King Kaufman's Sports Daily

Ohio State appears ready to rid itself of Maurice Clarett, which would give him something few big-time college athletes have: Options.

By Salon Staff

Published September 10, 2003 7:00PM (EDT)

Maurice Clarett might not be eligible for the NFL, but it looks like he's ready. He was charged with a crime on Tuesday.

The Ohio State running back was hit with a charge of misdemeanor falsification for allegedly lying about the value of items stolen from a car he had been driving. That report began a string of revelations of alleged academic and financial improprieties involving Clarett, a freshman star last year. He was suspended indefinitely from the team for his alleged lies to investigators, and he's also been named in academic-fraud reports. He faces up to six months in jail and a $1,000 fine if he's convicted of the lying charge.

Cleveland TV station WJW and the Cleveland Plain Dealer have both reported that Ohio State won't seek reinstatement for Clarett, meaning his days as a Buckeye are effectively over. The TV station said the university learned that Clarett "received extra benefits worth thousands of dollars."

It's certainly a good thing that Ohio State has washed its hands of this matter and is getting back to the business of educating the students of Ohio. Well, that and running a $79 million sports entertainment business that relies on free labor and encourages cheating.

Clarett is reported to be considering a transfer to Grambling, a Division I-AA school. If he does that, he won't have to sit out a year, something the NCAA requires players, but not coaches, to do when changing teams -- excuse me, schools -- within Division I-A. Clarett is probably sad about his Ohio State career being over, but it's striking how he's about to find himself in a situation strangely foreign to big-time college athletes. He's going to have options.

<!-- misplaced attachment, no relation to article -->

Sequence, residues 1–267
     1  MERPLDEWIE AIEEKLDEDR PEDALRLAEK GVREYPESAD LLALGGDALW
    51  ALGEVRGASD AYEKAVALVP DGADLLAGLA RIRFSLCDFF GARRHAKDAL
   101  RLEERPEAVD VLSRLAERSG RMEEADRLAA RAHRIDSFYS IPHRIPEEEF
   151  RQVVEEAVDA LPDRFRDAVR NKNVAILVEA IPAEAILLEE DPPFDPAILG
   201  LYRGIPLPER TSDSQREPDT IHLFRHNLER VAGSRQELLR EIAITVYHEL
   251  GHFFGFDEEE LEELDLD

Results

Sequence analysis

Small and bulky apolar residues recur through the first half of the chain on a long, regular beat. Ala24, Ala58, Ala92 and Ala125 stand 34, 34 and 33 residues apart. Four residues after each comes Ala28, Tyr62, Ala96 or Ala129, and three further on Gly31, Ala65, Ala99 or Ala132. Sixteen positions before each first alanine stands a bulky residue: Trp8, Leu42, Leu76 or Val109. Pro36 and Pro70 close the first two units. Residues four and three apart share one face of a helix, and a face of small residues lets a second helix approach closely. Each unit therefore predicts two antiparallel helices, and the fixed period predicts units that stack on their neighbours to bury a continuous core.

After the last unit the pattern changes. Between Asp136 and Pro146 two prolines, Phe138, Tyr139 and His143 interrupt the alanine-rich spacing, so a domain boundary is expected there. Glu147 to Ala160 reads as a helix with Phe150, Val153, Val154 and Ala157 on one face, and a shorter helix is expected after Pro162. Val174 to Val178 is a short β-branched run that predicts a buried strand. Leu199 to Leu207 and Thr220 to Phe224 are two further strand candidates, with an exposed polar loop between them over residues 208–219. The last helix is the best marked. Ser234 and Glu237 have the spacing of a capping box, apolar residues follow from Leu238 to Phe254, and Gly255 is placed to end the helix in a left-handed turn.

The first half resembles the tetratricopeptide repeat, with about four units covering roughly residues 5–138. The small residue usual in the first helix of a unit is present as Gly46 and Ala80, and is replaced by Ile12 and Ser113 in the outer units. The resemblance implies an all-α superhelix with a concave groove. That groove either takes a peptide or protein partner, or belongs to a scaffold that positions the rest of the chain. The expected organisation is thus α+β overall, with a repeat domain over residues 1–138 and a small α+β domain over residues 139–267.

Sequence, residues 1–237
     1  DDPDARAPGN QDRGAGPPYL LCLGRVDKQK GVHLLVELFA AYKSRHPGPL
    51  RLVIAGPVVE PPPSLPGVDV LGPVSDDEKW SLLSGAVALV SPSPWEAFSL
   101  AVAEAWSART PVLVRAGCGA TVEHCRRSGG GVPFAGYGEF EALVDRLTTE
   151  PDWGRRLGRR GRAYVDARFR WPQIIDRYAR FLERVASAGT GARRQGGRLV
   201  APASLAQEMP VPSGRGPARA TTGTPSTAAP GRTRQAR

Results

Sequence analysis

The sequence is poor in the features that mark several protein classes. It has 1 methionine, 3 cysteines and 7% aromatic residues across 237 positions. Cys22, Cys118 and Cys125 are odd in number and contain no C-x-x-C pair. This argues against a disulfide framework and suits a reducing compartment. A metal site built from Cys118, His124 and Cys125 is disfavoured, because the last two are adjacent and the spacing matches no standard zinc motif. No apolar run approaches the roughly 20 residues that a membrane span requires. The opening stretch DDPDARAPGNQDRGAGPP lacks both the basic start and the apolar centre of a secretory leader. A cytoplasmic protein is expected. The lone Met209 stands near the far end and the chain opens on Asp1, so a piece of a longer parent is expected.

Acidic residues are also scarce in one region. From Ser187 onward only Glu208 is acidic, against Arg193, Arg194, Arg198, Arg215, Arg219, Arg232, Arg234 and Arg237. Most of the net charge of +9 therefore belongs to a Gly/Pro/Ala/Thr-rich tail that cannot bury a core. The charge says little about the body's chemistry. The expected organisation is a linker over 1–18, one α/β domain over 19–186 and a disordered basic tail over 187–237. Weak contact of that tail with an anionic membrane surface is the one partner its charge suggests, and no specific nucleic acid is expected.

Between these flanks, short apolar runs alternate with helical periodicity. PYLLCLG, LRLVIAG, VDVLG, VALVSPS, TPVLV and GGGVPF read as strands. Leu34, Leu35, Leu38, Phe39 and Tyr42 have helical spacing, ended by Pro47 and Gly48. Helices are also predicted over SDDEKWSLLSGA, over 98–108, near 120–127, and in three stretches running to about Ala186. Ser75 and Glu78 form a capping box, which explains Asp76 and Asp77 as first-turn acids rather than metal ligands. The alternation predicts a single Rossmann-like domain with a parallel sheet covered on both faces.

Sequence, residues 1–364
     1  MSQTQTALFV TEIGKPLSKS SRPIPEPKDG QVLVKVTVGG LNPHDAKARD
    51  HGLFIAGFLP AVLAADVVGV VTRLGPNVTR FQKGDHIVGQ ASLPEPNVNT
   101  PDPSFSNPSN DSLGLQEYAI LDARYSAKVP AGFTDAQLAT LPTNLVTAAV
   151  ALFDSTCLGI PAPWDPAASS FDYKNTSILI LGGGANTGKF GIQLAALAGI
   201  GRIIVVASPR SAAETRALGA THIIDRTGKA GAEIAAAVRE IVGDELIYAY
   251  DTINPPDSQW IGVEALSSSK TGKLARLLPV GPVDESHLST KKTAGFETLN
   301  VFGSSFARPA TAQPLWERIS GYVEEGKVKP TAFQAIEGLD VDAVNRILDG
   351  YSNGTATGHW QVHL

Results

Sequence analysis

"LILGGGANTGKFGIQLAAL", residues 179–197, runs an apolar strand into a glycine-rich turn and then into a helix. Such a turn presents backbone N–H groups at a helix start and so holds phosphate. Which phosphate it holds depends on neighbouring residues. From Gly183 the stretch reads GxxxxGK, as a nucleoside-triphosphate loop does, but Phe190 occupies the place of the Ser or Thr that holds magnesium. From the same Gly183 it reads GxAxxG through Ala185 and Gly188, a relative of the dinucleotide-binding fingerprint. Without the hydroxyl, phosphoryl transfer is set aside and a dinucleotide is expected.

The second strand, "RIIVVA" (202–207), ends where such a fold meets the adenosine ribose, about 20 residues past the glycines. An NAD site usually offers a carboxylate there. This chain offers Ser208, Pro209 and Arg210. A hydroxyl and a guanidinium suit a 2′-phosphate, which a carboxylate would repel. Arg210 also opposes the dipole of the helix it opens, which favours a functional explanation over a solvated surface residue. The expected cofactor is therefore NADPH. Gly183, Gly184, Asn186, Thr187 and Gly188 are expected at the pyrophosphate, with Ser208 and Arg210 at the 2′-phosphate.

He's also said to be considering a legal challenge to the NFL rule that prevents a player from entering the draft until three years after his high school class graduates. That rule means Clarett is ineligible to play until 2005. The rule looks like age discrimination on its face, but it was arrived at through collective bargaining, so there's no guarantee Clarett could beat it. I'd love to see him try. Better yet, I'd love to see him play in the Canadian Football League, where he could go right to work.

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Week 1: At least I didn't cut Lawyer Milloy [PERMALINK]

Well, I was horrible. I went 8-8 with my Week 1 picks, not quite a Patriots-like performance and not as bad as ESPN expert Eric Allen, but certainly swimming in the shallow end with the Packers, Rams and Dolphins and worse than all seven other ESPN experts.

That's what I get for trying to be all counterintuitive, picking the Pats, Chargers, Ravens and Eagles for various anti-conventional-wisdom reasons. At least I didn't think the Bears would win. And of course I was wrong about the Bengals beating the Broncos, but that was my What the Heck Pick™ of the week, which I figure is going to be good for a loss most of the time.

My What the Heck Pick™ is available for sponsorship, by the way. There's a fast-food chain that makes lousy burgers that you have to wait eons for if you're hungry enough to buy one, and the chain's slogan is, appropriately, "You gotta eat!" That's the kind of thing you say when there's no food in your house and you apologetically offer a guest some 3-day-old mac and cheese. I think this company is a perfect sponsor for the What the Heck Pick™, and I eagerly await a phone call from its representatives.

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